Stiffer sneakers might help, but I think the issue with footwear is more about whether they provide enough arch support. You might be getting the start of a condition called plantar faciitis. Try a sneaker that is built for correcting moderate pronation. I like the Saucony running shoe, model “Grid Stabil”, but you’ll only find it at a proper running store and it will cost around $80. Make sure that you get properly fitted (most people buy too small of running shoes for their feet).

Stretching will help some, but only when the underlying cause is addressed. Otherwise, stretches can sometimes trigger more cramps. Wallpushers and stair-drops (standing on a step with the balls of your feet and letting your arches and calves stretch by lowering your heels).

Good luck.

Yikes, that’s going to hurt the budget. Bananas are more expensive than steak right now.

That’s not going to be easily possible, I already have to get specialty shoes because a “proper fit” for me is american size 12 EEEEEE.

There are potassium supplements that may be cheaper the real bannanas. Or you can roll your own using Morton Lite Salt (half the sodium of table salt). Morton Lite Salt contains potassium.

With your big feet you may find it better to use larger platform pedals.

For plastic pedals the Odyssey Twisted PC pedals are a little larger and may support your foot better.

This was my first thought. The large ones may cost more, but they’d be worth it. I’m using a set of Profile Gas Pedals on my 26", and they are the largest I’ve found so far.

I was having this issue last year with my mountain bike, and the problem went away when I switched pedals.

The first thing came to my mind was bananas, too. I try to eat one each morning or at least before I do anything physical.

I refereed soccer for a couple years and I remember one game that I reffed (about half an hour after playing another game) where my toes cramped up so badly that I had to blow the whistle and stop the game as I removed my socks and cleats so I could fix my toes. I refereed the rest of the game barefoot.

(It was just a u-14 game, so nobody was too upset)

Hmm… I’m in AU right now. Are the DX pedals at UDC at all comparable to the ones mentioned? The Odyssey looks like it’d be mostly shipping ($85+ for shipping, I assume in usd)

Go to a local bike shop or a local online shop and see what they have for larger platform pedals. It’ll be cheaper than getting the pedals ordered from the USA.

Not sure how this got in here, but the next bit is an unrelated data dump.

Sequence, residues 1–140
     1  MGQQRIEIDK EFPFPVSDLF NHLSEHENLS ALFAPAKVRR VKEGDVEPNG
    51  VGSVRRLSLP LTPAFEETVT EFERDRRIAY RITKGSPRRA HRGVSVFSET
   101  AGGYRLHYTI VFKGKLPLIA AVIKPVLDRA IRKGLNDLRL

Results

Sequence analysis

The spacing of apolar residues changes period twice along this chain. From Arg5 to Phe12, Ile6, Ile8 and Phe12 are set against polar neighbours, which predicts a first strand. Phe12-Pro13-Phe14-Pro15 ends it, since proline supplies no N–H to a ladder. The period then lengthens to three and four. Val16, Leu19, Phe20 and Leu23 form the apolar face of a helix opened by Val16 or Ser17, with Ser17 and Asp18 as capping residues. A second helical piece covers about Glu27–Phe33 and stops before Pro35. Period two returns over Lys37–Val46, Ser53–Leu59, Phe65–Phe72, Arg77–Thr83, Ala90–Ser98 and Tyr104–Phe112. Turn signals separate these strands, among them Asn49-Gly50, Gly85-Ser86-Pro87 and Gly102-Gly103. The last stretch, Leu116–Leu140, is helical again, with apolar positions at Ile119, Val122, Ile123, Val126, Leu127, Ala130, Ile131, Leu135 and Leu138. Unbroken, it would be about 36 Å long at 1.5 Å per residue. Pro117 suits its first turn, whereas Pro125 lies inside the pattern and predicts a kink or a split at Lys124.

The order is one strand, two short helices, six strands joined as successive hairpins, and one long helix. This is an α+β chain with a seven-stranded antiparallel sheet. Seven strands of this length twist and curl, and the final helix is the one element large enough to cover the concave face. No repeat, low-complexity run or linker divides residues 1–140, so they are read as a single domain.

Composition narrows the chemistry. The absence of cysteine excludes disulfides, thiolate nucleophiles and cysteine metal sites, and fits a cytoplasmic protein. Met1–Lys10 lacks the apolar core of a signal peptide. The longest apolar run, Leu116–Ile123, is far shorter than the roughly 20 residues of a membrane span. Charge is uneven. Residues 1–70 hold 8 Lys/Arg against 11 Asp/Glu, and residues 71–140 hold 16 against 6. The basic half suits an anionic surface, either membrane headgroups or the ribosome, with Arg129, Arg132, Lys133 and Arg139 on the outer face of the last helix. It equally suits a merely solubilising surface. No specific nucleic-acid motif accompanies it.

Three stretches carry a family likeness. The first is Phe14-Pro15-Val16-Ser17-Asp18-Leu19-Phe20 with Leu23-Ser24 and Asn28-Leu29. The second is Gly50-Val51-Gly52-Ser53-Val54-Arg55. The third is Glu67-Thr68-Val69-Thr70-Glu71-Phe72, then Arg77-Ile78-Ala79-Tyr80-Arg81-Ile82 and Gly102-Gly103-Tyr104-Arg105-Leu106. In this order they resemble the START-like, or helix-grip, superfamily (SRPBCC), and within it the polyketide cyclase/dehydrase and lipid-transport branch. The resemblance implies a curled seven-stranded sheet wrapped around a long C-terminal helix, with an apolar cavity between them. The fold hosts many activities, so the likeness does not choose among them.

You should be able to find the plastic Odyssey Twisted PC pedals more locally than from the USA.

Plastic pedals are better for general riding while you are learning or developing new skills. Plastic pedals don’t hurt you as much when they hit you in the shin or calf. Metal pedals can literally leave scars.

There are certainly more choices for large platform pedals in metal. And you’ll be able to find larger platforms too in metal than in plastic.

A DX style pedal has a pointed shape at the end (by the outside of your foot). It’s not one of the larger pedal designs.

Something that has more of a square shape than the DX shape may have more surface area supporting your foot. That would be pedals like the Odyssey Twisted PC (plastic), Odyssey Jim Cielencki (metal), Primo Tenderizer (metal), Odyssey Twisted Pro (metal), and others. The square shape will feel more secure under your foot.

This is totally happening to me. My toes are curling up when i go for road rides on my 29er. I was wondering if it has to do with needing stiffer soled shoes. I also find that my left foot is twisting off the pedal. I end up clinging on the the edge of the pedal and I am curling my toes to keep my foot on the pedal. Maybe I need different pedals.

It truly is amazing how much more comfortable you get after learning to ride, mostly it’s the result of relaxing your body. So, you’re probably tensing your feet/toes, which results in cramping. You might want to invest in stiffer soled shoes, though if you’re just riding on flat street terrain and still learning to ride, I doubt you’re putting that much pressure on your feet.

You could try varying your foot position and seat height, though what you probably need is just more time in the saddle :stuck_out_tongue:

I really tried to focus on relaxing as I rode today. It might have made a difference. I am going to try a stiffer pair of shoes tomorrow as well.

The EEEEE is a wide foot along the axle, that is from the crank out to the edge of the pedal. I have not found a pedal that is more that 4" along the axle, though many are wider from front to back.

If you know of one, let me know.

I know (I think) I developed plantar fasciitis from attempting to grip the UW pedals in bird claw fashion through my sneakers, and have been looking for wider pedal ever since.

If the cramp continues when not riding, you may be getting that.